First Drive – 2013 Lexus GS 350 Sport Sedan

GS 350 is the most serious performance sedan Lexus has produced yet. The original and only marginally successful GS was launched in 1993.

Lexus made its name in the U.S. starting in 1989 with the LS 400 and ES 300 with smooth, quiet and plush cars that under priced – by more than $20,000 –  Mercedes Benz and BMW offerings. The addition of the Camry-derived RX-300 crossover SUV – the first luxury crossover ever introduced in 1998 – catapulted Lexus to sales leadership in the U.S. luxury car market, which it has more or less dominated ever since.

The new 2013 Lexus GS 350 mid-size performance sedan is its latest product  assault, this time directed against the Germans, and it is  the most serious performance sedan Lexus has produced yet since the original and only marginally successful GS was launched in 1993. The GS sedan is based on a highly modified SC 430 platform.

The new 2013 GS is powered by a familiar 3.5-liter V6 engine, with four cams, four valves per cylinder with dual Variable Valve Timing and a six-speed automatic. At 306 horsepower and 276 lb.-ft. of torque, it is one of the more powerful base engines in the segment, as well as the only one at the moment with both direct and sequential fuel injection.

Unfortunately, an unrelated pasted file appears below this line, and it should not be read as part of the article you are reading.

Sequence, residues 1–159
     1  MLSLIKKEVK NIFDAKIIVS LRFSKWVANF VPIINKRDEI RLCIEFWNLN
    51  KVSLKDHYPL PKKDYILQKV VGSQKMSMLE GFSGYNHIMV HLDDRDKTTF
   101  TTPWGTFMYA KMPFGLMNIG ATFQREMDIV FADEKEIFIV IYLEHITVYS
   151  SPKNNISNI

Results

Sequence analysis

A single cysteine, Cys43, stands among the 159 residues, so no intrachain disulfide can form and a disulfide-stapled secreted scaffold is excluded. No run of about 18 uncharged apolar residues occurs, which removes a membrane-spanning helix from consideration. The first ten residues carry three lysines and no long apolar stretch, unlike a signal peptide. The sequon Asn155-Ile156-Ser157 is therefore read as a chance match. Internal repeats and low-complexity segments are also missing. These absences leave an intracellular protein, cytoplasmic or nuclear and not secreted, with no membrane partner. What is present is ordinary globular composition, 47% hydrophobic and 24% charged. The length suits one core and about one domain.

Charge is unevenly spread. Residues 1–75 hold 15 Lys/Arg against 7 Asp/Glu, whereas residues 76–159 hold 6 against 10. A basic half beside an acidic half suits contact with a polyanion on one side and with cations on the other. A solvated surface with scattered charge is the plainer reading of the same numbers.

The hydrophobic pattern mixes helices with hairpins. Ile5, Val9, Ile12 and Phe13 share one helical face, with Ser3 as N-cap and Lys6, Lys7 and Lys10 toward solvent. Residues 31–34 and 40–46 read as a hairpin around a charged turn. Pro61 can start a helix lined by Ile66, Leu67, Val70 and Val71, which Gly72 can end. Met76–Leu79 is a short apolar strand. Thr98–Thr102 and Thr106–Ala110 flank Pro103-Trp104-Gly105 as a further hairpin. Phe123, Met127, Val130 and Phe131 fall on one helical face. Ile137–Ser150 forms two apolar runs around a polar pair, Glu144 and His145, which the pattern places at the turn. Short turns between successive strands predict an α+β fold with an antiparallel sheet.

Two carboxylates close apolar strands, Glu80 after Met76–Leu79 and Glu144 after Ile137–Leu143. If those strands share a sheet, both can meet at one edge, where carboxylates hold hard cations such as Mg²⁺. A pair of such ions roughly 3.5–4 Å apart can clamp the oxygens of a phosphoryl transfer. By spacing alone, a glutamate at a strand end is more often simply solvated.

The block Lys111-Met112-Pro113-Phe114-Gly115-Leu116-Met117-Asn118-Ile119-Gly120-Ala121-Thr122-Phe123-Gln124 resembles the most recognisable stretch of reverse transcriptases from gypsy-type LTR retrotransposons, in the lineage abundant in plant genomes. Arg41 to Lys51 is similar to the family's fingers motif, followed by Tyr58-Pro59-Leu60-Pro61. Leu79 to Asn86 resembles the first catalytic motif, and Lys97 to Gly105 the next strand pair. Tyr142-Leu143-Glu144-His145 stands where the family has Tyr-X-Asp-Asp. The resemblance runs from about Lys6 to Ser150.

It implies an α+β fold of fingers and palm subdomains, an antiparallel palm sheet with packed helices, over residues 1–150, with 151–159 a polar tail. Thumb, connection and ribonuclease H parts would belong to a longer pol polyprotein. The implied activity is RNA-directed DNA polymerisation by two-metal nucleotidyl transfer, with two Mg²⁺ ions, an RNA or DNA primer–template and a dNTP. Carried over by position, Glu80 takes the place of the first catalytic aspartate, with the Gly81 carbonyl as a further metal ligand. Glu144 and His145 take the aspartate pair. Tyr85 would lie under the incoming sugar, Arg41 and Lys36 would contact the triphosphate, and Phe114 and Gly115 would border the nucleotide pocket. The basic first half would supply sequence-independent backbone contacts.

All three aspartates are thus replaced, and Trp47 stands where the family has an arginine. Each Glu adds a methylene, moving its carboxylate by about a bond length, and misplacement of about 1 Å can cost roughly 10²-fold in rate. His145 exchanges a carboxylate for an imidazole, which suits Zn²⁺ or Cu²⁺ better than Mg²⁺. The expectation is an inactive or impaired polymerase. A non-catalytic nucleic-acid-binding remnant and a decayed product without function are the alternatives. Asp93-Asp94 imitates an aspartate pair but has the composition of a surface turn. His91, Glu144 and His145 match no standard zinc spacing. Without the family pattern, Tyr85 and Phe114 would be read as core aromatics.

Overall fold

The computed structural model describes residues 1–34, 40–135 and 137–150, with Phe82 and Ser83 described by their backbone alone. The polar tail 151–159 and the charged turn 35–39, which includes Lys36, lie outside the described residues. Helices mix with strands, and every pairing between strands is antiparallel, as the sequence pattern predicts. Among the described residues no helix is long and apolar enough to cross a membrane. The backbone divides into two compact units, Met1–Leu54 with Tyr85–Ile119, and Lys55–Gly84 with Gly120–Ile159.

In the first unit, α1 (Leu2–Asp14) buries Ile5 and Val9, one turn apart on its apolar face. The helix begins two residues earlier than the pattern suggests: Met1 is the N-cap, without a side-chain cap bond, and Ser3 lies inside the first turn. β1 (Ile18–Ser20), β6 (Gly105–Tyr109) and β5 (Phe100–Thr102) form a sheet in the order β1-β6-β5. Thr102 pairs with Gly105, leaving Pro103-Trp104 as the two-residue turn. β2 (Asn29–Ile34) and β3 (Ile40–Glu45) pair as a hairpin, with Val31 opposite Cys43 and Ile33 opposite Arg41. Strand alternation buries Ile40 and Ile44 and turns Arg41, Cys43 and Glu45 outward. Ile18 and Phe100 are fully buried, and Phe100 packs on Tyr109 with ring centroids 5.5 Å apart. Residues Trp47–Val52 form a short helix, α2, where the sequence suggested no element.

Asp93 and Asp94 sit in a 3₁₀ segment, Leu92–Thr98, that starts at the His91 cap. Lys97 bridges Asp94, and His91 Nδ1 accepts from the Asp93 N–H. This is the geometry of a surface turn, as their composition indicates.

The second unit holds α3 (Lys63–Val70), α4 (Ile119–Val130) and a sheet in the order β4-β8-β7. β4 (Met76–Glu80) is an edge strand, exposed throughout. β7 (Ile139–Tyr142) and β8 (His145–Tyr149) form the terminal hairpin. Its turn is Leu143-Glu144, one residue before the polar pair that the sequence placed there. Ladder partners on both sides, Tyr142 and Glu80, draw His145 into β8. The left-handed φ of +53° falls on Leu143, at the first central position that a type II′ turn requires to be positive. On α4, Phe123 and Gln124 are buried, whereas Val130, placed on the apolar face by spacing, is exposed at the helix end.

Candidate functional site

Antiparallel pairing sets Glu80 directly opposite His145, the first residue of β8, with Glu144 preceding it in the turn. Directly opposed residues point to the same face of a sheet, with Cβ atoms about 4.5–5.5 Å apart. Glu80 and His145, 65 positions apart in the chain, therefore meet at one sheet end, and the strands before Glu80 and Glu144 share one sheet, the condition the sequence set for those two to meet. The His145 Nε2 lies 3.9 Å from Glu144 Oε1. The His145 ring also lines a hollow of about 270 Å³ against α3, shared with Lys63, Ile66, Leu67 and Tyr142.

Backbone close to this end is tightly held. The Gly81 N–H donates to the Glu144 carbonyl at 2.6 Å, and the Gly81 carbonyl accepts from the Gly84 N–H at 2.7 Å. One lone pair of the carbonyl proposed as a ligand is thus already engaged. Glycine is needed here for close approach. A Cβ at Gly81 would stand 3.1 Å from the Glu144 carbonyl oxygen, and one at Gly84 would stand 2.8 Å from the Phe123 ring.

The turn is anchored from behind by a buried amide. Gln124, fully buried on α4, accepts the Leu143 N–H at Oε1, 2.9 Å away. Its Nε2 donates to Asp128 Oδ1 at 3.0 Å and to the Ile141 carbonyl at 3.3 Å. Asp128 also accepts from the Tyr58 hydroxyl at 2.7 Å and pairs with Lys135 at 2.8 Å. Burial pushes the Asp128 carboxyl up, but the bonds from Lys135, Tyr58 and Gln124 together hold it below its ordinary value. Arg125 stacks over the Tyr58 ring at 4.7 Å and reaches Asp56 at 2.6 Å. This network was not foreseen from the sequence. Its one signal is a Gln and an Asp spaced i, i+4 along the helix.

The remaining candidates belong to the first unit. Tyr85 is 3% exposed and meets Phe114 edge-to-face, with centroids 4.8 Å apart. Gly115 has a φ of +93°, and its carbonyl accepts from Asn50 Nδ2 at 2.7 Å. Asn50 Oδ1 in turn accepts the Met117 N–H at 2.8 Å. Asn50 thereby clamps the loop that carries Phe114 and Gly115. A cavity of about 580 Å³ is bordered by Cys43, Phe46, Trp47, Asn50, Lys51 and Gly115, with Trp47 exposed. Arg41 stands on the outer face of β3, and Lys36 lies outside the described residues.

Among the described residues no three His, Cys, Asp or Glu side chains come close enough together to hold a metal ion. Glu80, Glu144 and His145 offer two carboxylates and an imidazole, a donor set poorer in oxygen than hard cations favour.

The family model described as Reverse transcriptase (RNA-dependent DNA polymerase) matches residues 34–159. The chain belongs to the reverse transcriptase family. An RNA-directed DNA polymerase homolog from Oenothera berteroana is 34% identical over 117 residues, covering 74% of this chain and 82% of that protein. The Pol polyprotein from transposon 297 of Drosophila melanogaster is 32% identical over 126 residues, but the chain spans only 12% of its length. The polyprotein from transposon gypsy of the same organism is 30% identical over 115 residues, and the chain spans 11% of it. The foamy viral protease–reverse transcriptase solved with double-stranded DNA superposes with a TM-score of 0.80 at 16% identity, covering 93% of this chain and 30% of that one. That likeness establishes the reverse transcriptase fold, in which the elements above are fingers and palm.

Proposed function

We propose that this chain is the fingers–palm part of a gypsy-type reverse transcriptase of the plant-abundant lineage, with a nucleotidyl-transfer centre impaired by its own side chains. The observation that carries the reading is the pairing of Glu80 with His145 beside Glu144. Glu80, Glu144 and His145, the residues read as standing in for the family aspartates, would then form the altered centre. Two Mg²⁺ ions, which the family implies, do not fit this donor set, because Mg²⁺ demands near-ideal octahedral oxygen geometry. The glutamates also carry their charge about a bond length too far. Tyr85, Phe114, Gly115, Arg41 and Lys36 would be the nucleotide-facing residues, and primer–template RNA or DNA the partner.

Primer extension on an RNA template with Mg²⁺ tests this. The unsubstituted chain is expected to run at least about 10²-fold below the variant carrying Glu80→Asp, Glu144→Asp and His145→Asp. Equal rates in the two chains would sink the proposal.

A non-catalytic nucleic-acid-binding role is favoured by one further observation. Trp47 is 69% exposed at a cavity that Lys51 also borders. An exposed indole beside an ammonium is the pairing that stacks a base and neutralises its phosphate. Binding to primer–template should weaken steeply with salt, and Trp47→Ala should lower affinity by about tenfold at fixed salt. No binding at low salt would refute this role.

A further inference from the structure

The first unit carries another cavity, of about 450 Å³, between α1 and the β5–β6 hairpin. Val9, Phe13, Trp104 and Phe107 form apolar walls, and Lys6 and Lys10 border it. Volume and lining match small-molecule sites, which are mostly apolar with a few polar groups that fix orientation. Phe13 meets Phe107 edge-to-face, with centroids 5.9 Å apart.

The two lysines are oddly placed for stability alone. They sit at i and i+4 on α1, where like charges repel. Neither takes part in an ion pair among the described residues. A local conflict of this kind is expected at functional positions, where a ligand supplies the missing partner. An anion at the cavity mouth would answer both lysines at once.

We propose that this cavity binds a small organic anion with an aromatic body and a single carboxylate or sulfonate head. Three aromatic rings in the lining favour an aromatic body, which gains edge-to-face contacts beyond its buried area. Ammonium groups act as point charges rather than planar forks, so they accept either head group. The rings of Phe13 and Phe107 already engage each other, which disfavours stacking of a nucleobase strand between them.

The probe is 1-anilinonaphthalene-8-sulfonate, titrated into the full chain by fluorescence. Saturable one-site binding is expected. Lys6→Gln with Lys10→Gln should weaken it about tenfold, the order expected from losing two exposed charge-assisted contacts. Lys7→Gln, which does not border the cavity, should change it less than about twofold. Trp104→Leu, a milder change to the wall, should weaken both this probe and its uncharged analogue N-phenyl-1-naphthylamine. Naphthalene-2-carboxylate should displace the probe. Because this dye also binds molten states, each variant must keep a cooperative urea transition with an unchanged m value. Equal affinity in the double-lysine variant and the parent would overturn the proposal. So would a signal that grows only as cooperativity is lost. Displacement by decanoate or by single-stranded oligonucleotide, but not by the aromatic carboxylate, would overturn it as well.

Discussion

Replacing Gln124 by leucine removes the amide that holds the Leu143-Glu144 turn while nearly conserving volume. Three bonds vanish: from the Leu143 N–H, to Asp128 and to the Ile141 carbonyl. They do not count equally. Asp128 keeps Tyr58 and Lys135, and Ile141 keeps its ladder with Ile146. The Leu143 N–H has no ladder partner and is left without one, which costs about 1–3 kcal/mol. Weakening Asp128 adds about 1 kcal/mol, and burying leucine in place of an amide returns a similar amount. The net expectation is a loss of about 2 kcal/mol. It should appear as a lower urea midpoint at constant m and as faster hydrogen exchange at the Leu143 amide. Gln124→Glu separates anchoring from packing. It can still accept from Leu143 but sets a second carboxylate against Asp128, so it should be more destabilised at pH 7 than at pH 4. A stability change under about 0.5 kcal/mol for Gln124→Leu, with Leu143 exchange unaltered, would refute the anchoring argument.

The V6 propels the GS from 0-60 mph in 5.7 seconds and at the same time, fuel economy is improved somewhat –  19 mpg city, 23 combined for what is a more than a 3,700-pound car in rear-wheel-drive form. All-wheel-drive option ($3000) is also available with a 30/70% split front to rear. The facing BMW 535i with a 3-liter turbo and an eight-speed automatic bests the GS with 21 city mpg and 25 combined ratings and a starting MSPR of more than $53,000 compared to the Lexus, which under prices it by about $5,000 in base form ($46,900 plus $875 delivery).

The GS 350 also, surprisingly, outperforms the BMW in extreme performance driving.  The transmission has some features adopted from the Lexus IS F high-performance sedan — including faster shifts, earlier torque converter lockup and downshift throttle blips — to support four driving modes that can be operated by toggling the new Lexus Drive Mode selector.

  1. ECO mode changes the electronic throttle mapping, seat heating, and climate control systems for better fuel economy.
  2. SPORT S mode revises throttle mapping and transmission shifting priorities  for a performance biased setup.
  3. SPORT S+ mode (available with F SPORT and Luxury packages) engages handling enhancements via a sport setting of the adaptive variable suspension, steering system, and Vehicle Dynamic Integrated Management (VDIM) together with the powertrain enhancements of SPORT S mode.

Naturally, the runner is a GS 350 F-sport package. It’s a  muscular, fast, flat cornering sedan with extremely  responsive steering. When the Germans complete their detailed competitive reviews they will be surprised at how good, as in razor sharp – the GS 350 is and how well the newly rigid chassis with electronic controls performs.